Surviving Albatross Chick Surrounded By Bodies And Debris
When the tsunami hit there was no dramatic roar of surf, no surge of water around the building. There wasn’t even a noticeable decrease in volume of the constant squawking of the millions of seabirds nesting on the island to which I had become inured during my visit to Midway Atoll. There was no indication at all that anything was different.
Three hours earlier we had been informed of the massive earthquake in Japan and that a tsunami was on its way toward us at 500 miles per hour. Within an hour or so the third floor of Charlie Hotel, a barracks leftover from Midway’s days as a naval base, and the highest point on the island, was stocked with two weeks worth of food, water and medicine. The entire population of the island, all 67 of us, settled in to wait, watching video of the ten meter tsunami that had already hit the coast of Japan and taking note of the wave height each time it passed a monitoring station on its way toward us. Then it was over. The tide gauges at Midway recorded three or four waves with the largest measuring just over five feet.
The danger had passed. To be honest, it felt a bit anticlimactic. As it was pitch black outside we wouldn’t even know the extent of the damage to the island and its wildlife until first light. We found our way to our beds and went to sleep with little idea of the drama the next two days would bring.
Midway is a small coral atoll about 1,100 miles WNW of Honolulu – about three hours by air. It has no permanent human population. It’s composed of an exposed fringing reef surrounding the lagoon and three low coral islands. By far the largest at 1,200 acres, Sand Island is where visitors and workers stay while on Midway. Sand Island is also home to Midway’s airfield and harbor, both leftovers from its days as a military base. Eastern Island is about a quarter the size of Sand, coming in at 334 acres. Measuring in at a mere 15 acres, tiny Spit Island rounds out the trio of isles.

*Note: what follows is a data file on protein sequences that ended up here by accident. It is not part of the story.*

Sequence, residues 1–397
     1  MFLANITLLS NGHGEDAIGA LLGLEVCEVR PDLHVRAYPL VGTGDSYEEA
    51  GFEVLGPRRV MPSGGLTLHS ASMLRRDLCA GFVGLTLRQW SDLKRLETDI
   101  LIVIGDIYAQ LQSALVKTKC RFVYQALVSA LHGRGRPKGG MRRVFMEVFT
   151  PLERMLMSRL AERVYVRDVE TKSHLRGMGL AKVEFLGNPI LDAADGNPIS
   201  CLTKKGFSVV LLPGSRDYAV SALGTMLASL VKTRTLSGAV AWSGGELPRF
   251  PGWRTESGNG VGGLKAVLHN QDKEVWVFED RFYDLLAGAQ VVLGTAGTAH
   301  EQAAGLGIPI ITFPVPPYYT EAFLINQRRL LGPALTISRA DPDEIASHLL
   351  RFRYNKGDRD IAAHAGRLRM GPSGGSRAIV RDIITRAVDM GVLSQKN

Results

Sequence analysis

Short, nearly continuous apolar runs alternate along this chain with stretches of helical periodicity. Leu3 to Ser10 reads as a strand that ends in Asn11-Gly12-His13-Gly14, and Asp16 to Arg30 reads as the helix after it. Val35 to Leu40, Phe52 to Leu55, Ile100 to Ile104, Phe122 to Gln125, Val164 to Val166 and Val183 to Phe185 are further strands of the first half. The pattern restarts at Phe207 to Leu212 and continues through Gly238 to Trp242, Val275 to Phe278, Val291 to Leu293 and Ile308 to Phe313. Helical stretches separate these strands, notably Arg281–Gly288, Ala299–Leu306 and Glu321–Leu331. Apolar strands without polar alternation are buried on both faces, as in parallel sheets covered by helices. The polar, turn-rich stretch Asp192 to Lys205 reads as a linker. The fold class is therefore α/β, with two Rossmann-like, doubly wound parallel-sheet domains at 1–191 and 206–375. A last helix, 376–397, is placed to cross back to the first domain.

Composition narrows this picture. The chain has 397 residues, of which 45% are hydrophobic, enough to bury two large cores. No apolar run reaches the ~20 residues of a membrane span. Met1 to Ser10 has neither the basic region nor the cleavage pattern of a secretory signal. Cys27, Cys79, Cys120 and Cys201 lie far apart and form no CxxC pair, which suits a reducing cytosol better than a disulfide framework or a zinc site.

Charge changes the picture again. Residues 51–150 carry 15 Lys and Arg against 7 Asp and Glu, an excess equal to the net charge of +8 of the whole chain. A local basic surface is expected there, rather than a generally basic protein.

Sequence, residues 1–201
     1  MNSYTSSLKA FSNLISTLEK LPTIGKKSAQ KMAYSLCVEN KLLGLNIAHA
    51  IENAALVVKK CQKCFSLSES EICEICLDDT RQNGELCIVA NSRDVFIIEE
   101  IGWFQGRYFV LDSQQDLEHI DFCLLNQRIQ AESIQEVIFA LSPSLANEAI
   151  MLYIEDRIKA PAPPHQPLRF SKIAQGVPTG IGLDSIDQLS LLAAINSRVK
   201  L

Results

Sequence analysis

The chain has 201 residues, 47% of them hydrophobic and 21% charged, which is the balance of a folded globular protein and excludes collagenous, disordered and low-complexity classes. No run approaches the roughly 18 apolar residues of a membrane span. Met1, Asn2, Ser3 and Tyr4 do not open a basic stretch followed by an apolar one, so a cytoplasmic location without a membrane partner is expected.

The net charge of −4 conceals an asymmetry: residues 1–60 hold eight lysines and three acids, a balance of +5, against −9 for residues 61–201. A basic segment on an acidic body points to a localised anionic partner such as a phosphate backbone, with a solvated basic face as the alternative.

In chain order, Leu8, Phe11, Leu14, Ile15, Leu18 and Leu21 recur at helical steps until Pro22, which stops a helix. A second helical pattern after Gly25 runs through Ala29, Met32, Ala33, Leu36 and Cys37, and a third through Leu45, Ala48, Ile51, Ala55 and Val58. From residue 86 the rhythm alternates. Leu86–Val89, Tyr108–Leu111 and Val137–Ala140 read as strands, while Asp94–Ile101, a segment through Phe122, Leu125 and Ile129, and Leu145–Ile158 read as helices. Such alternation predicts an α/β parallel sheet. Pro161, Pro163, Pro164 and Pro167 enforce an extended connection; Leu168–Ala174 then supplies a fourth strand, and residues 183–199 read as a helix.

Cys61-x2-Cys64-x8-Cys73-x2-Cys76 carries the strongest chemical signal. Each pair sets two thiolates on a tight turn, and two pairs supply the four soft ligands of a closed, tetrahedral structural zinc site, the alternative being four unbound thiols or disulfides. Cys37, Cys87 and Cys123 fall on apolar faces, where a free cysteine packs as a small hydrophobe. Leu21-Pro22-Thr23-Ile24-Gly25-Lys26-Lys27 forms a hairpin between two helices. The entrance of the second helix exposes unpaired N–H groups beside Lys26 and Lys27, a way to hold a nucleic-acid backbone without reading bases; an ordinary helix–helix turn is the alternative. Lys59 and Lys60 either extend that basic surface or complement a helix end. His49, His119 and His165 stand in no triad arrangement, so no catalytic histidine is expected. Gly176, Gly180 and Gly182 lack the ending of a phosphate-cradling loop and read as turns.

See this area on a map
All three islands are part of Papahānaumokuākea Marine National Monument and function as a National Wildlife Refuge. Midway is home to just over 480,000 pairs of nesting Laysan Albatross (Phoebastria immutabilis) and 28,500 pairs of the closely related, and slightly larger, Black Footed Albatross (Phoebastria nigripes) whose wing span can reach up to seven feet. Both species nest on the ground, creating small earthen bowls of dirt and sand where they lay and incubate their single egg. When I arrived on Midway the albatross chicks had been hatched for about a month, and were just beginning to make short, waddling, forays away from their nests while their parents were out at sea finding food.
Laysan Albatross (left) and Black-Footed Albatross (right)
And this season, for the first time in recorded history, a single pair of a third species of albatross, the Short-Tailed (Phoebastria albatrus), had bred on Eastern Island. It was hoped that this would be the start of a new colony that would help increase the numbers of this species as fewer than 2,500 in the world remain.
Other types of bird nesting on Midway include frigatebirds, tropicbirds and various species of terns and boobies. The most numerous of these additional species is the Bonin Petrel (Pterodroma hypoleuca) with approximately 70,000 pairs nesting on the islands. The petrels burrow into the sandy soil and nest beneath the ground in tunnels that can be up to a meter long.
All told, there are over 3 million seabirds in an area of 2.4 square miles. This basically means that every space other than the runway, buildings, and the paths maintained by the staff contains an albatross nest or petrel burrow, and nearly every tree and bush has a nest of some type as well.